A third distinction is between capitalism’s material conditions and its ideological climate. For reasons I’ll come to, I’m not sure that no-deal Brexit would materially benefit capitalists. But it might create an ideological climate favourable for some. We know that tougher economic times breed pessimism, illiberalism and intolerance. This would be especially the case if the EU, Ireland and the “Remainer establishment” get the blame for the ill-effects of no-deal. This would hurt the left, not least by shifting the agenda towards reactionary nationalism. That would help some sections of capital.

A fourth distinction is between the interests of financial capital and industrial capital. There are ways in which a no-deal Brexit might help financial capitalists. But aside from Johnson’s promised cut in incomes tax, I’m not sure they are terribly powerful, for example:

 - A fall in sterling would give windfall profits to holders of overseas assets. There’s nothing especially Machiavellian about this, though. Anybody with a moderately well-managed Sipp can take some advantage of this.

 - A recession would devalue some companies sufficiently to make them cheap for vulture capitalists who have either the leverage or liquidity to snap them up. Doing so, however, is a very risky strategy with huge downsides as well as upsides. As John Campbell has pointed out, distress risk doesn’t pay off on average. Those who bought Carillion or Debenhams when they looked cheap would confirm this.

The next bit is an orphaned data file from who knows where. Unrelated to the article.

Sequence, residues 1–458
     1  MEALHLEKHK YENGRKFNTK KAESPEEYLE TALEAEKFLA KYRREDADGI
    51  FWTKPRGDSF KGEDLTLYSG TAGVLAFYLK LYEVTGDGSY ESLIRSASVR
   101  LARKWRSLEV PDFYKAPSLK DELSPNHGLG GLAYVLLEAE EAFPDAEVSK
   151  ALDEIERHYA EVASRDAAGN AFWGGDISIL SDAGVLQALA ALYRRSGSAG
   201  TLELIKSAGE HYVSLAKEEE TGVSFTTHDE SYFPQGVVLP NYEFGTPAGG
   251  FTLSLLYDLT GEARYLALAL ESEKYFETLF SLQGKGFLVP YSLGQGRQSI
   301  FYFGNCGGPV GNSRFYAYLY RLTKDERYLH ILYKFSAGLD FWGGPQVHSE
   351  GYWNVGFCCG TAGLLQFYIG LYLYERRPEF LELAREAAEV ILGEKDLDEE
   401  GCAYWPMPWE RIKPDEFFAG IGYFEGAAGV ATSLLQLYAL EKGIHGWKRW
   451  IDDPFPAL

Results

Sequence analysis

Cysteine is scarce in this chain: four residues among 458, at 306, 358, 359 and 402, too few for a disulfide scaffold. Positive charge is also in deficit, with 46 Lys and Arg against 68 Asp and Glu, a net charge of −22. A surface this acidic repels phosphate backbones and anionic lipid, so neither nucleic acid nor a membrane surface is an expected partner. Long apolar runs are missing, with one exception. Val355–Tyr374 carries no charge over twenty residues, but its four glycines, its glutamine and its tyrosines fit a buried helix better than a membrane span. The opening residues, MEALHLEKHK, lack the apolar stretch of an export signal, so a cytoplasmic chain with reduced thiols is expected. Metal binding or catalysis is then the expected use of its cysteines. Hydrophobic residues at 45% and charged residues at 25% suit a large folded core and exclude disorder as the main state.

- The policy response to a no-deal recession would involve cuts in interest rates and QE which would promote financialization and boost asset prices. Now we are near the zero bound, however, the scope for rate cuts is limited. And Johnson’s promises suggest that an (albeit half-arsed) fiscal easing might limit the extent of QE*.

Nor am I convinced that disaster capitalism would improve the prospects of industrial capital. Baldrick-and-blackadder-620x372

It could do so in theory in the way it did in 1981 – by causing widespread capital scrapping which would raise returns on capital partly by reducing competition and partly simply by cutting the denominator.

A striking feature of recent years, however, has been that this mechanism has not operated. Even at the height of the crisis there were fewer corporate liquidations than there were (pdf) in the 80s and early 90s. Low interest rates and banks’ forbearance have limited capital scrapping. It’s not obvious why this should dramatically change in the next recession.

What’s more, the restoration of real profitability requires more than capital scrapping. It also requires an expansion of profit opportunities. No-deal, however, would have the opposite effect. Increased (pdf) trade barriers and greater policy uncertainty would actually restrict such opportunities and deter investment.

I don’t, therefore, see how a no-deal Brexit would reinvigorate capitalism. To claim that it is part of a cunning plan by Johnson is to give the man too much credit. Sometimes, people are as stupid as they look.

* Given the inflation target, more fiscal easing means less monetary easing.